You Just Graduated Dental School. Now What?


Dental school graduation season is upon us. Though the years of hard study have just ended for recent grads, many new, business-related challenges lie ahead, many of which predecessors didn't have to contend with. Dentist's Money Digest® reached out to several dental professionals to get their take on what new dentists need to keep in mind as they begin the next leg of their clinical journey.

You Just Graduated Dental School. Now What?

Instead of a third-tier celebrity or a well-groomed politician spouting aphorisms you’ll forget by brunch, we want to give you graduates something substantive this year. Yes, this is a milestone. You have devoted four years to an advanced level of study to help others.

There’s much to learn, as these folks behind me can attest. Allow me to introduce:

-- Mike Bruno, D.D.S. general practice resident in dentistry at North Shore LIJ.

-- Susie Ko, D.D.S., general practice resident in dentistry at North Shore LIJ.

--Ronald Perry, D.M.D., director of the international student program, department of comprehensive care, at Tufts University School of Dental Medicine.

-- David Rice, D.D.S. founder of igniteDDS, a free continuing education community for dental students and young dental professionals.

-- Jack Saxonhouse, D.M.D., practice transition consultant for Doctor’s Choice.

-- Jordan Telin, soon to graduate the SUNY Buffalo school of dental medicine.

Who wants to start?


The field is changing so fast, and there are so many new innovations and new things available, that if you’re going from what you learned through your education, you’re almost immediately not up-to-date. And a lot of that is on you. I don’t think it’s particularly stressed well that if you want to be good, if you want to be one of the preferred dentists in the area, you do have to do a lot on your own.


You learn more in residency on how to compromise. There are certain things we have to fix. But if your biting is off, but you only want to fix one small aspect of your smile, then fine we can figure it out. You also have to explain that if, down the road, you want to change something about your smile we might have to redo the work, because it’s not going to be right for you anymore.


There are a lot of roadblocks that come along. It’s not you and the patient anymore. You have to play the game of keeping within the realm of insurance for people who can’t afford outside of insurance, because it’s a very large population and it’s an understandable concern. For the last couple of decades, the maximum coverage (for dental) has stayed very similar among companies. A patient may get a root canal, there’s no money left in their insurance reserves at that point, and you have to wait for the year to end for them to move forward with treatment. That’s not really what you want, because you want them to get to the most stable point as soon as possible so you can have a better outcome long term. You don’t realize those things in dental school. You get taught the ideal and you just try do the best toward that ideal, but in real life most things aren’t ideal.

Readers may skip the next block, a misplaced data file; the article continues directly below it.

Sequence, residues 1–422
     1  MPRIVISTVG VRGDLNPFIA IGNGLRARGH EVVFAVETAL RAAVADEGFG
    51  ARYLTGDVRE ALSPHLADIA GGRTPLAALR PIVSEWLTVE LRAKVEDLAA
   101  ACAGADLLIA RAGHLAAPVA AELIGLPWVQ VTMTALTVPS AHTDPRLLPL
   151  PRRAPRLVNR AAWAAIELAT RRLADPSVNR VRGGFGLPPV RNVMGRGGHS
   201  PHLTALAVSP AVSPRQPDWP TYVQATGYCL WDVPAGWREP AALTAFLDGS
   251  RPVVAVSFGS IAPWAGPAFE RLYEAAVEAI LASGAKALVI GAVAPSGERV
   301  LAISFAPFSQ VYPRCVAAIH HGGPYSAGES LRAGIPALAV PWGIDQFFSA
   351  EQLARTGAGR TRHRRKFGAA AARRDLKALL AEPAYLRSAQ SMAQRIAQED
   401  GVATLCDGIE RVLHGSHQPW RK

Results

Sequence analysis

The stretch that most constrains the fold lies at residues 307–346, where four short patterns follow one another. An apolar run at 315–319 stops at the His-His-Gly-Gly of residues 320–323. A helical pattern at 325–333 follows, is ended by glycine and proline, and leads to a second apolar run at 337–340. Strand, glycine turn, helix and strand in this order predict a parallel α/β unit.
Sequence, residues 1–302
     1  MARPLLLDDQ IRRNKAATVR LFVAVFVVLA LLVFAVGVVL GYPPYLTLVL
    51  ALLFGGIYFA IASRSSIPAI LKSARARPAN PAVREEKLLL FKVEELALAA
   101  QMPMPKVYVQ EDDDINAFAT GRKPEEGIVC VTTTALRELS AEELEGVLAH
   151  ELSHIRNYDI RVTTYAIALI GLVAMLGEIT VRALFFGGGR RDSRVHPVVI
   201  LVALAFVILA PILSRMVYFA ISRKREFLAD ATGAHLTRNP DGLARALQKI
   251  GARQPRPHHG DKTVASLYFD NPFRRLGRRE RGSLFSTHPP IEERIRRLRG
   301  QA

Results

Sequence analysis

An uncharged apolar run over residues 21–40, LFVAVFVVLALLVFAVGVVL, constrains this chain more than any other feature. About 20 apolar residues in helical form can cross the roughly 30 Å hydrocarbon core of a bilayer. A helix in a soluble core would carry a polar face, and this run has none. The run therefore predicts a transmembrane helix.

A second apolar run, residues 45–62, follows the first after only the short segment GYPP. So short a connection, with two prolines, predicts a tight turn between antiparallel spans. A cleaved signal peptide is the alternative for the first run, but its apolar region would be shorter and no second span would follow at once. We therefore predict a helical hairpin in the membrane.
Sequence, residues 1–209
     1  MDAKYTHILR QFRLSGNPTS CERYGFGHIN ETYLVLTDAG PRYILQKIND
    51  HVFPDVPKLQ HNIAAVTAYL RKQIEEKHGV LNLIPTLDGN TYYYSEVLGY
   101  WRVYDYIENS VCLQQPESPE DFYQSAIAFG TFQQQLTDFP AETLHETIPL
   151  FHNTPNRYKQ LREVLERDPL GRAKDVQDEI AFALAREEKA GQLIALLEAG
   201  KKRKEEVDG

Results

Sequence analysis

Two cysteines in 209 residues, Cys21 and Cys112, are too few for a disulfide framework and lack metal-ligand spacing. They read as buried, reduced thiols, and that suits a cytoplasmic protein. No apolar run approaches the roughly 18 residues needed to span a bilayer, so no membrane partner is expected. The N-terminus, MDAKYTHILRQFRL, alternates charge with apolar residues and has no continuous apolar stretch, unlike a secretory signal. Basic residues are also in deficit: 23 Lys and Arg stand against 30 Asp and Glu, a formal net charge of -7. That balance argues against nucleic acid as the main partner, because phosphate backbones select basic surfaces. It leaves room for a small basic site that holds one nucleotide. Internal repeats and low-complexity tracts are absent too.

You have to think out of the box a lot of the time. Keep up with your education: the articles, the different methods to do things. Then if you need to make it your own — change some stuff — make it your own.

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The biggest thing in your minds is, “I’ve got to get my requirements done. I’ve got to pass the CDCA exam or the WREB exam or the credits exam so I can practice and I’ve got to get a job. I’ve got to get a job!”

But you’re not asking the right questions.

Where do you want to get a job? Not only where do you want to get a job, where does your significant other want to get a job? Where do you want to settle? What kind of practice do you want to be in? Do you want to be in a family-oriented practice? Or do you want to be kind of like a meat-market? What’s the contract?

If you’re going to get a job, what does this mean? Does that mean I just give all the little fillings or do I have an opportunity to give crowns? Do I have to do all the exams? Do I get paid on exams? Do they pay for my liability insurance? Do they pay for CEs? Do they pay for uniforms? Do they pay part of my cellphone (bill)?

You’re not asking the questions to know whether this is a good opportunity or a bad opportunity.


A lot go into situations with a handshake. If you’re going into an associateship, you want to know that there’s a future for you. And we recommend you get a signed contract.